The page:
A team of researchers has released a tool they call “Depth-Aware Video Frame Interpolation” or DAIN, which is capable of turning regular footage into “fragment less” slow-mo.
The team behind it combined scientists from Wenbo Bao of Shanghai Jiao Tong University and researchers from the University of California Merced as well as Google.
“Video frame interpolation aims to synthesize non-existent frames in-between the original frames. While significant advances have been made from the deep convolutional neural networks, the quality of interpolation is often reduced due to large object motion or occlusion. In this work, we propose to explicitly detect the occlusion by exploring the depth cue in frame interpolation. Specifically, we develop a depth-aware flow projection layer to synthesize intermediate flows that preferably sample closer objects than farther ones. In addition, we learn hierarchical features as the contextual information.”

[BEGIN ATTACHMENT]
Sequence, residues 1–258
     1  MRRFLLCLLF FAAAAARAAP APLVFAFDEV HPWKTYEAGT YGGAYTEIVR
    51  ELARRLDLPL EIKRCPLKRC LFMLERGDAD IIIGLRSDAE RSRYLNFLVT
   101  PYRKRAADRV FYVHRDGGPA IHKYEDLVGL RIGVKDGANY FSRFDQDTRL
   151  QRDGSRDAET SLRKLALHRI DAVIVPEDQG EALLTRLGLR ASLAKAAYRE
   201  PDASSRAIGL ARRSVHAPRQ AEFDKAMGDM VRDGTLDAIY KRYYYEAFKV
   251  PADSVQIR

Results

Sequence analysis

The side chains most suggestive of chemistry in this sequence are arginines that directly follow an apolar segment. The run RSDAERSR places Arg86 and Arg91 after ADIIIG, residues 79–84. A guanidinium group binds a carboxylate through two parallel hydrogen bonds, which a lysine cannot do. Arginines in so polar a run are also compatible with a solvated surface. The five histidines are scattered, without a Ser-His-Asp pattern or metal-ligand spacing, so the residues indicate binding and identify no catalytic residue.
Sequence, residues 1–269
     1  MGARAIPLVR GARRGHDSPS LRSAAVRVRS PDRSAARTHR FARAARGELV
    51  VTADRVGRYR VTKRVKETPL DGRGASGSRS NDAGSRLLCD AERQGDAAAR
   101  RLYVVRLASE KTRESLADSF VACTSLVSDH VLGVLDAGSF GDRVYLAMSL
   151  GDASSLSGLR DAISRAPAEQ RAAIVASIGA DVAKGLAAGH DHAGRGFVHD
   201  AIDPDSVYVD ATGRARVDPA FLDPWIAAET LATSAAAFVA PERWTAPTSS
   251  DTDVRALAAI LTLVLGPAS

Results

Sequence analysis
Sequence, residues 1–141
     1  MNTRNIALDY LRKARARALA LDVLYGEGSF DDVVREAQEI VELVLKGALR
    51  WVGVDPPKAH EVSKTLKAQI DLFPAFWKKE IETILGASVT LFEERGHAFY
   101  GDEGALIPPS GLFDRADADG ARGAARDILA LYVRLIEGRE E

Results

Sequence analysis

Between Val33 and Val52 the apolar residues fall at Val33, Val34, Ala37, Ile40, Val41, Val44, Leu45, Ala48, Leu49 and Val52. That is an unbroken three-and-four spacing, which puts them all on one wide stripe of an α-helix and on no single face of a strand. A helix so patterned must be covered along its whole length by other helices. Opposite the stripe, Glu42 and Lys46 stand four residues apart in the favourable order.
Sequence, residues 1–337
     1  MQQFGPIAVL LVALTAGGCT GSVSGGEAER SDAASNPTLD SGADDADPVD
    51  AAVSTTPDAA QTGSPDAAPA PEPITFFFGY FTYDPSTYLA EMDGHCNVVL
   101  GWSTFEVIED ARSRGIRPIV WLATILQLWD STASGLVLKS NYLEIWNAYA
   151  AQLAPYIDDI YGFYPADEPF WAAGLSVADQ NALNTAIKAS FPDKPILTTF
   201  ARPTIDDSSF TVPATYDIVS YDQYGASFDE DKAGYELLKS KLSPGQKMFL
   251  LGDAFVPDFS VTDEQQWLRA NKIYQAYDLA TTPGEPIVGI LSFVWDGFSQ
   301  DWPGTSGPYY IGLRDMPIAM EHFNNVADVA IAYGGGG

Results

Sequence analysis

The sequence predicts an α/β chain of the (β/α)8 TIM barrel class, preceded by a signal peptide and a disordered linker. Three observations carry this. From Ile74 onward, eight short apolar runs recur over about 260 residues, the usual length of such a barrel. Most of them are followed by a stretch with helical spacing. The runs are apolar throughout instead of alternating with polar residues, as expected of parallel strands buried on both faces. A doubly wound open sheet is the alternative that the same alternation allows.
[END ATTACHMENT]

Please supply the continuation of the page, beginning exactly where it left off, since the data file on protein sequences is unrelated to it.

In other words, their tool fills in the missing information using an array of datasets to make it natural looking.
The abstract continues:
“The proposed model then warps the input frames, depth maps, and contextual features based on the optical flow and local interpolation kernels for synthesizing the output frame. Our model is compact, efficient, and fully differentiable to optimize all the components. We conduct extensive experiments to analyze the effect of the depth-aware flow projection layer and hierarchical contextual features. Quantitative and qualitative results demonstrate that the proposed model performs favorably against state-of-the-art frame interpolation methods on a wide variety of datasets.”
You can watch a video explaining it here.
And, in case you missed it, here's a recent article we posted about Microsoft's AI that detects edits in photos.
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